That’s so sad, I know. And at least the Reils did open their home up to us. And I’m grateful for that. But the point of that, really, is where are you learning who you are?
And at a very early age, I had to figure out a couple of things. One, adults had a hard time telling the truth. That was my world. I mean, it was crazy.
Six months into living with the Reil family, the social worker came out for a first-case visit. She was a very wise, older woman, probably 24. (laughter) You know those social workers?
Yeah, they’re, like, 24, just out of college and gung-ho for a couple of years till we foster kids beat the snot out of them. (laughter) But she was sitting across the table from me. It was a kind of a puppy crush, my first one. She was very cute. And I fell in love with my social worker.
And my brother Dave was sitting at the table. And she looked at me, and she said, “Jimmy, we have a problem.” And I said, “Yes, we do.” Thank you, the first adult that has recognized it, even though she’s only 24. But she looked at me and said, “No, Mr. Reil said you tried to kill him.” Thank you; that was exactly my response. And there’s one or two of you going, “Well, did you?” (LAUGHTER)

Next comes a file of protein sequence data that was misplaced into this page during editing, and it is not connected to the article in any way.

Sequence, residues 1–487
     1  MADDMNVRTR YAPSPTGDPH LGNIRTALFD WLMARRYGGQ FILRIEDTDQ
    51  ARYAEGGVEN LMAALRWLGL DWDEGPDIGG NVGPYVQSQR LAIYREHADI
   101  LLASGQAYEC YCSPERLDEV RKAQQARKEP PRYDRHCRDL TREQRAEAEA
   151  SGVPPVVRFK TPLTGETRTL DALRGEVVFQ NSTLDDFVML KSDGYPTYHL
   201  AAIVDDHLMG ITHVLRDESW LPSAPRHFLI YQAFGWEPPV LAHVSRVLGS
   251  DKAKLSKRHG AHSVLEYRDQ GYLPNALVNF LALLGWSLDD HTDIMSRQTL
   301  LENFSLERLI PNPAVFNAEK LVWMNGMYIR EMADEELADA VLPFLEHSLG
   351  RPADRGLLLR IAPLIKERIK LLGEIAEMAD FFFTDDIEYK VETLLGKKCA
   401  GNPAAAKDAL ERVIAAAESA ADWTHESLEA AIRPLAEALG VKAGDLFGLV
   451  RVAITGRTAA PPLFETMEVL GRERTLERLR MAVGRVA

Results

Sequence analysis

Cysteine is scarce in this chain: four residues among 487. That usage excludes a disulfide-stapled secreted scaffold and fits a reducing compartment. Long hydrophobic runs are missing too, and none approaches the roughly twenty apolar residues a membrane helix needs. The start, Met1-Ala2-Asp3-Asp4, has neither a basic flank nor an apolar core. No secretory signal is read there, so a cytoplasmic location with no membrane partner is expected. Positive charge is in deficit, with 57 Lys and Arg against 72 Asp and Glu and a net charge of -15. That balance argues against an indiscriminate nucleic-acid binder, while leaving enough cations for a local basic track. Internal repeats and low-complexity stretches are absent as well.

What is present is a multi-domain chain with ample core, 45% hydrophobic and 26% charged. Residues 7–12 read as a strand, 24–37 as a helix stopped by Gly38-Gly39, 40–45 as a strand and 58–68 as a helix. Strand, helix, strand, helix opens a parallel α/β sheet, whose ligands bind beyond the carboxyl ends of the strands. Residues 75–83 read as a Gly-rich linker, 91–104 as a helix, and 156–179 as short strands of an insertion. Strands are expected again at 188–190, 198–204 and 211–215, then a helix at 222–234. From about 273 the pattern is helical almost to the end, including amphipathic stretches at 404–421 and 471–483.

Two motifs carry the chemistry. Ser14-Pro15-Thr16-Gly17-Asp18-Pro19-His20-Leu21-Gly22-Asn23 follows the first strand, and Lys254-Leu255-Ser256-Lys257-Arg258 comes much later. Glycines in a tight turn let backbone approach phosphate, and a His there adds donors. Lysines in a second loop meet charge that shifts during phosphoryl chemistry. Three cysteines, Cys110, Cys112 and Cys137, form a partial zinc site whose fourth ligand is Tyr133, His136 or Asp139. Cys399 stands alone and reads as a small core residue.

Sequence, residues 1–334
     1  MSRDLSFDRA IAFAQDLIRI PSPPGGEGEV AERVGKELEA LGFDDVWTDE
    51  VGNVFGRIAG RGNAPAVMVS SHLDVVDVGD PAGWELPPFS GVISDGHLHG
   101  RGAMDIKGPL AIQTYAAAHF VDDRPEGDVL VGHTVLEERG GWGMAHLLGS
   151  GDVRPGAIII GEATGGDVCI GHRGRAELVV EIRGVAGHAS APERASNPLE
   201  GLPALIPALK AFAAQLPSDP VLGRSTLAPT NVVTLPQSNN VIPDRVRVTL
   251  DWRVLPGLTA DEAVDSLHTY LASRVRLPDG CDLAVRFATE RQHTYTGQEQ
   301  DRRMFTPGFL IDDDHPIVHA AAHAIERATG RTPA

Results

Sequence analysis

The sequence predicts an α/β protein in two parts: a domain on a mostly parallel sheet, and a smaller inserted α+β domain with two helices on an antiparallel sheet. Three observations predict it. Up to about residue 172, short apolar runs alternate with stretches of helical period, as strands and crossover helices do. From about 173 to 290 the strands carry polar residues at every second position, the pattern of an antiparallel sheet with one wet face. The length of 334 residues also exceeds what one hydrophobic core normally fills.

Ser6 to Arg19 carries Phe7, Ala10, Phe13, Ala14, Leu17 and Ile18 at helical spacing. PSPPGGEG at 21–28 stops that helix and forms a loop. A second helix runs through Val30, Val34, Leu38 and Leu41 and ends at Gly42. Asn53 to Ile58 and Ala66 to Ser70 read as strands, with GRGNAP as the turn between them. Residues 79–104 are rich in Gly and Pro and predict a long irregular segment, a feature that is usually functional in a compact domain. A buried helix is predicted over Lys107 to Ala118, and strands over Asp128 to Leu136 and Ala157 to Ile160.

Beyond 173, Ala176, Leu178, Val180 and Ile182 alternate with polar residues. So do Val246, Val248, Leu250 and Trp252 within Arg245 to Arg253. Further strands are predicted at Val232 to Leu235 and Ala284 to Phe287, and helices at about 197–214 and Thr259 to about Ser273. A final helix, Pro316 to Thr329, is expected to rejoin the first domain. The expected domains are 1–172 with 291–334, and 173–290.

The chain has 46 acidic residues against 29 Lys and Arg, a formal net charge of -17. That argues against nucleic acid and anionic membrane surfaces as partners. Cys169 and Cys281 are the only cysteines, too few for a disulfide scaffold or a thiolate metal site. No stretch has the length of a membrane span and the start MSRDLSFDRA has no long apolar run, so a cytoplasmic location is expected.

No! I wasn’t – no, I was, like, as shocked as the social worker was. In fact, I – remember, I’m 9 years old, and I said, “How did I try to kill him?” (LAUGHTER)
That was probably what tipped her off, right? And she looked at me with a little wry smile. And I’m telling you what. A child can pick up on drops of affection, of affirmation. That little smile she had in her face as she was talking to me told me everything I needed to know that she did not believe him. She believed me. And she smiled. And she said, “Well, he said you tried to push him off a cliff.” (LAUGHTER)
And in my little voice, I said, “But we live in Morongo Valley.”
That is an absolute true story, verbatim. “But we live in Morongo Valley.” And she said, “Yeah, I don’t know what we’re going to do, but there’s two options. You can hunker down here at the Reils” – I didn’t know what that word meant; it’s the first time I had heard it – “Or we can split you into different foster households.” And I remember she’s looking at me. My brother, who’s 18, is sitting there. He’s not saying a word. So she’s looking at me, “What do you want to do?” I said, “Well, I think hunkering down here would be better.” So we had to live there another six months with this guy thinking I was trying to kill him. It’s a little odd. Then my – my dad reappeared, my bio dad. And I hung on his leg the whole time while he visited us at the Reils. I mean, at the end of the day he said, “Would you like to come and live with me?” Yes!